Spacious, portable, fast, and affordable – external hard drives do it all. It comes as no surprise that they’re overwhelmingly used for everything from backups to data transfer. But it’s not all rainbows and sunshine.
Most people have had a hard drive or two fail on them, but this time, we’ve got you covered. We’ve compiled all the main reasons why an External Hard Drive may not show up on your PC, as well as how to get it working again.
Table of Contents
Why is the External Hard Drive Not Showing Up?
On the software end, an uninitialized drive, an unsupported file system, and outdated device and motherboard drivers are the main culprits behind this issue.
How to Fix External Hard Drive Not Showing Up?
As usual, reboot your PC first. Regardless of whether a hardware or software issue is causing this problem, a simple restart can be enough to solve it sometimes. This is rare, but the OS can take a few minutes to mount the drive, especially in lower-spec systems. So wait for a bit.
Next, disconnect any unnecessary peripheral devices. Connect the HDD using different ports and cables to check if a faulty port or cable is the issue. If these didn’t help, you should move on to the solutions listed below.
Check Physical Components
First things first, check for any LEDs or sound to make sure the HDD is actually working and there’s no physical damage. If you hear a clicking sound (click of death) coming from the hard drive, the drive is likely dead.
Next, check for any bent or otherwise damaged pins and verify the integrity of the USB Ports. Additionally, you should also access the BIOS setup utility and ensure that there are no issues with the power output of the USB Port.
Troubleshoot via Disk Management
A lot of users have reported that the hard drive shows up in Disk Management but not in File Explorer. This happens most of the time because the drive is uninitialized.
In this case, you can bring the drive online, initialize it, create a new volume, and then format it to resolve the issue.
If you can’t afford to lose the data, we recommend using the Change Drive Letter and Paths option to assign a drive letter manually, as this alone can solve the problem at times.
Since the drive is at least accessible via Disk Management, we also recommend using the Hardware and Device troubleshooter before trying the solutions below. You can run this tool automatically by executing the following command in CMD:
msdt.exe -id DeviceDiagnostic
Update Device Driver and System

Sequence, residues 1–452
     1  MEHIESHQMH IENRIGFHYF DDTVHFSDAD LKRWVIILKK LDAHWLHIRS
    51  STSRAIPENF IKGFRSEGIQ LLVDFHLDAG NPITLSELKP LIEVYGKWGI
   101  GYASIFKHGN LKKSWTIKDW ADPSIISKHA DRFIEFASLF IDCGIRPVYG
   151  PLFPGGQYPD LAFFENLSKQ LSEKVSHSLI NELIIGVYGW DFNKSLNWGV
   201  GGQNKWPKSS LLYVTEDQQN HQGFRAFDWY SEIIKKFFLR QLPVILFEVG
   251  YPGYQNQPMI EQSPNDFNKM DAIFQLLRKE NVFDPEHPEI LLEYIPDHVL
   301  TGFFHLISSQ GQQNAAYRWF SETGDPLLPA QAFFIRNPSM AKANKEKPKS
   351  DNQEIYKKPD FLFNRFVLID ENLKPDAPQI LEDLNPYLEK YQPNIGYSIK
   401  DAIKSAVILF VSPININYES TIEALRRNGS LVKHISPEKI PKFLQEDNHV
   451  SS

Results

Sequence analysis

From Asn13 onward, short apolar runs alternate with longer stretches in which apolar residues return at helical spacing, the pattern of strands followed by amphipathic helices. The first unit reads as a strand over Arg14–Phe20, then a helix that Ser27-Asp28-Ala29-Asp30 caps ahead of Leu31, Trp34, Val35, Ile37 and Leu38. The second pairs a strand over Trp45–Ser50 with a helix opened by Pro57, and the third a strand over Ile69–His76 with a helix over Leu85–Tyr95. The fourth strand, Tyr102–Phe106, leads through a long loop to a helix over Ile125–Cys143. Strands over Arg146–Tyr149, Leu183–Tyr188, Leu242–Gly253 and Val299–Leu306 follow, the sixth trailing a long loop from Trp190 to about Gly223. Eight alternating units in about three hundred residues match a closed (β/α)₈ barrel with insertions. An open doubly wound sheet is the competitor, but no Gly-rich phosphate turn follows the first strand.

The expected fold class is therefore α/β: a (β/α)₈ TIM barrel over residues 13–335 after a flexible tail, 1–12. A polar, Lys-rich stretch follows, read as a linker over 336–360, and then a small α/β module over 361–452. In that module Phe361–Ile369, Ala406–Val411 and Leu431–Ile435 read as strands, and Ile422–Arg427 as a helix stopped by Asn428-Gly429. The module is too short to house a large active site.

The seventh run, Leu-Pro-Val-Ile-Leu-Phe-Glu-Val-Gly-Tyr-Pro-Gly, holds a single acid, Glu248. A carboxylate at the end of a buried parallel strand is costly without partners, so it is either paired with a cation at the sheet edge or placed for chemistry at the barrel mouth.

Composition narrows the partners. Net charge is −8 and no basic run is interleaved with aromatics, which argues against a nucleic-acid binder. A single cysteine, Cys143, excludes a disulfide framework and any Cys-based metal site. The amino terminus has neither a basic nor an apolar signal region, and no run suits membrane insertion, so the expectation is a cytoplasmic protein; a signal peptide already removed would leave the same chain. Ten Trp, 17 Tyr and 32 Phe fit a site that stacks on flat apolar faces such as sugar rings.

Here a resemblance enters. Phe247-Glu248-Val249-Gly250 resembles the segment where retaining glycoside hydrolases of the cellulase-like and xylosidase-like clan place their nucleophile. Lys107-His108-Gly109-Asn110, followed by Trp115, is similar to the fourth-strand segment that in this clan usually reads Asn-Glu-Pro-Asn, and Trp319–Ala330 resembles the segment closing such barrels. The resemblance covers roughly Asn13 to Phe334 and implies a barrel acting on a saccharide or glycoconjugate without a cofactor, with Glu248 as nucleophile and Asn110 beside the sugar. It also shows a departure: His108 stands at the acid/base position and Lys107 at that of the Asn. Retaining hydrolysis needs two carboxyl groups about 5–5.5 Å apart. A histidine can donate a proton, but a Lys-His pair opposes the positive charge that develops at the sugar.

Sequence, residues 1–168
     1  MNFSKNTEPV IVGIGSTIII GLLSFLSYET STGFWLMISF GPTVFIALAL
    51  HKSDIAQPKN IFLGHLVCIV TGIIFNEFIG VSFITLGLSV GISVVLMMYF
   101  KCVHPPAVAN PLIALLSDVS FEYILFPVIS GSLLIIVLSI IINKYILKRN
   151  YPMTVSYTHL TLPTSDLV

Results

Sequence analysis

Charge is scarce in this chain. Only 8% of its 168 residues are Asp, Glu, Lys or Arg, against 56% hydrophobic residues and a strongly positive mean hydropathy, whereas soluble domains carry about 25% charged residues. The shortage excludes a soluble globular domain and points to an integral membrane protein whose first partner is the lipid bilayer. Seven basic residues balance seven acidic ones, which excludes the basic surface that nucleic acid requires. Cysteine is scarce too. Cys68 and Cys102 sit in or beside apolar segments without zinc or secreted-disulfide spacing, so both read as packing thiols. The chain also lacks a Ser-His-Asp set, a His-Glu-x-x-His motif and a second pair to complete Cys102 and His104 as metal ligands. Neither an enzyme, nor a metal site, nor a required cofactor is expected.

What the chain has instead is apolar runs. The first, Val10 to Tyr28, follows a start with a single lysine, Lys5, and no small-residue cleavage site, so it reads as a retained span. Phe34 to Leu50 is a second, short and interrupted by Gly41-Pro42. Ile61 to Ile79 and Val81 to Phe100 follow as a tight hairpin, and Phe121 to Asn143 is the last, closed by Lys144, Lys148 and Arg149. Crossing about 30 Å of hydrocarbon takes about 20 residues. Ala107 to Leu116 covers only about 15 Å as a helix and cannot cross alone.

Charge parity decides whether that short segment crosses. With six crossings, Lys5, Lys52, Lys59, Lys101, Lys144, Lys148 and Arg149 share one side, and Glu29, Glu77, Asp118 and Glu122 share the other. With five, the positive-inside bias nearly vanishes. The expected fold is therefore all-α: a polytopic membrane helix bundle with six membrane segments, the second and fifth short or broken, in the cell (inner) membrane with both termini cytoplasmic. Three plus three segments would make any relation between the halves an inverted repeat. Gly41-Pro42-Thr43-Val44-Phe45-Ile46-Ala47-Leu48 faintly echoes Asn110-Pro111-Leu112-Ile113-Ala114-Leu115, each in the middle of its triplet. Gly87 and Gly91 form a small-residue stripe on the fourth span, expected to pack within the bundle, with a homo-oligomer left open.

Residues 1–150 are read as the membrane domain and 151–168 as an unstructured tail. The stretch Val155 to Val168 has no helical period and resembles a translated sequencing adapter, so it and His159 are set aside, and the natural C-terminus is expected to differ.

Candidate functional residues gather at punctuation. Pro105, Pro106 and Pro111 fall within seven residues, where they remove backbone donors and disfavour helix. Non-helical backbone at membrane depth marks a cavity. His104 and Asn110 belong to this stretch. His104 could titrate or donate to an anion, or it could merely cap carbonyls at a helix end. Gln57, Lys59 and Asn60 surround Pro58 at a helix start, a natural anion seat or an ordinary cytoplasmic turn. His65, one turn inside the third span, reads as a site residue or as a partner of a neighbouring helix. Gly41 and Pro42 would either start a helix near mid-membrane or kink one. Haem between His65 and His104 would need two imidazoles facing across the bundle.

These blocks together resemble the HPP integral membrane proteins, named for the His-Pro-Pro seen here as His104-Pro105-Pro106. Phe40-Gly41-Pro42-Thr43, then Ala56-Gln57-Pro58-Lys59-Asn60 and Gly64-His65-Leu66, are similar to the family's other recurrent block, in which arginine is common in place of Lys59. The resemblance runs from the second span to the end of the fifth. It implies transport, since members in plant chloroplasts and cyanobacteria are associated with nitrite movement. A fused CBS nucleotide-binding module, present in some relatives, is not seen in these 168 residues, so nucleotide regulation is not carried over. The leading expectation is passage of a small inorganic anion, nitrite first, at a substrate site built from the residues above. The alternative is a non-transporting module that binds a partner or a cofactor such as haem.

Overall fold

Whenever a device stops working properly, the device driver is one of the first things you should check. Here’s how you can do so for the Hard Drive Driver specifically:
- Press Win + R, type
devmgmt.msc, and press Enter.
- Expand Disk Drives and double-click the Hard Drive. It may also be listed as an Unknown Device sometimes.
- In the driver tab, select Update Driver and follow the on-screen instructions.
- If the hard drive stopped working after an update in the first place, try Roll Back Driver instead.
- If neither of these works, try the Uninstall Device option.
- Finally, expand the Universal Serial Bus Controller section and update the devices listed there.
- If that doesn’t help, uninstall them instead. Everything that’s uninstalled will be reinstalled the next time you restart, so you needn’t worry.
It may sound unlikely, but many users have reported that updating their system solved the issue for them. Here’s how you can do the same:
- Press Win + R, type
control update, and press Enter.
- Click on Check for Updates.
- Download and install any available updates.
- Restart your PC and check for changes.
Disable USB Selective Suspend
USB Selective Suspend basically suspends individual ports that are not in use to help conserve power. If this feature malfunctions, it may lead to the suspension of ports that are being used as well. You can disable it with the following steps:
- Press Win + R, type
powercfg.cpl, and press Enter.
- Select Change plan settings > Change advanced power settings.
- Expand USB settings > USB selective suspend setting.
- Change both On Battery and Plugged In to Disabled.
- Press OK to apply the changes.
Disassemble Enclosure and Connect HDD Directly
Unlike internal HDDs, which need SATA cables, you can use a USB cable to connect an external HDD to a PC. This is possible because external hard drives are enclosed in a case with a USB to SATA controller. If this interface is damaged or malfunctioning, that can lead to issues such as an external hard drive not showing up.
You can fix this by disassembling the external case and directly connecting the HDD to the motherboard using a SATA cable. Alternatively, you can also use the HDD with a different enclosure.
We recommend searching the HDD model online as the exact steps will slightly differ according to the model. But the gist is to undo the clips, remove the screws, then take off the cover.